It gets worse: there is certainly a chicken-and-the-egg question about if people fled cities because suburbs were intrinsically much more attractive, or if broad policies and subsequent financial and communal disinvestment made cities bad enough to make suburbs more attractive. Either way, it's certainly a feedback loop at this point and has been for a long time.

Combine the snob-zoning regulations in many home-rule Massachusetts suburbs (that still like to think they're quaint, rural, New England towns) with the low education levels and financial resources our policies have concentrated in our urban municipalities, and the 25% of potential urban votes we still carry are worth even less than their gross numbers would imply. Don't forget: poorer, less educated people tend to vote less and contribute less to campaigns as well.

The end result is policies that continue to reinforce the patterns we've been seeing for the past 50+ years. In a period of energy uncertainty, an aging population, shrinking family sizes, growing financial disparities, etc, etc, etc, are we wise to continue to turn our backs on sustainable, denser, more integrated, lower-energy communities? Are our politicians failing to support cities because that's what is best for everyone in the long term and what people truly want, or ... is it all about a vicious cycle of votes and money?

This is clearly a very non-scientific post, but something to think about...

1 comment:

  1. While its certainly a complicated issue, one counter-argument is the political power in the Commonwealth is still very much Boston-centric. Most Massachusetts House Speakers and Senate Presidents (with Murray being an obvious exeption) in recent history have been from the immediate Boston metro area. You could also argue that the way congressional districts are drawn tend to maximize the congressmen within a small radius around Boston, although the redistricting has certainly impacted that.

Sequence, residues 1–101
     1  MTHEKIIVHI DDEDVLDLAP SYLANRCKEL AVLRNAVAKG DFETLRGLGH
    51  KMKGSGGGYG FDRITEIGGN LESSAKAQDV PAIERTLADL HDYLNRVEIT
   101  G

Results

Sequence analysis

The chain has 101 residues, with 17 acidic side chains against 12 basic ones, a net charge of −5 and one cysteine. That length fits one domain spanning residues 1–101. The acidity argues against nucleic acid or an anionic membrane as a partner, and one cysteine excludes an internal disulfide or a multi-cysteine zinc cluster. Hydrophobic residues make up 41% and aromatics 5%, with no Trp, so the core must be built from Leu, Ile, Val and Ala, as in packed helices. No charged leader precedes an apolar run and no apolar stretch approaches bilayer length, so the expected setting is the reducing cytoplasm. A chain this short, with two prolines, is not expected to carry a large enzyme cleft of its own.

Also the way Massachusetts defines municipal entities is very different from the rest of the country as the entire state is subdivided into local cities or towns. Boston as a municipality only has 600,000 people but the surrounding cities have similar urban interests, and a large percentage of the state population still lives in cities although I'm sure the trend is going in the direction you indicated.

    On the flip side, As I understand it, the New York State Constitution is very undemocratic and political power for the five buroughs is disporportionately small and the power for the low population upstate areas is disporportionately big.

    However, while numbers are always flawed, and state to state comparisons tricky, I think you nailed it on the head from a national trend, the suburbanization of America has had a huge impact on the policy priorities. You also have issues on the national level with the Senate being obviously undemocratic in terms of populations served and the House being a lot less democratic than you think when you realize its a lot easier to gerrymander in favor of suburban districts than it is for cities.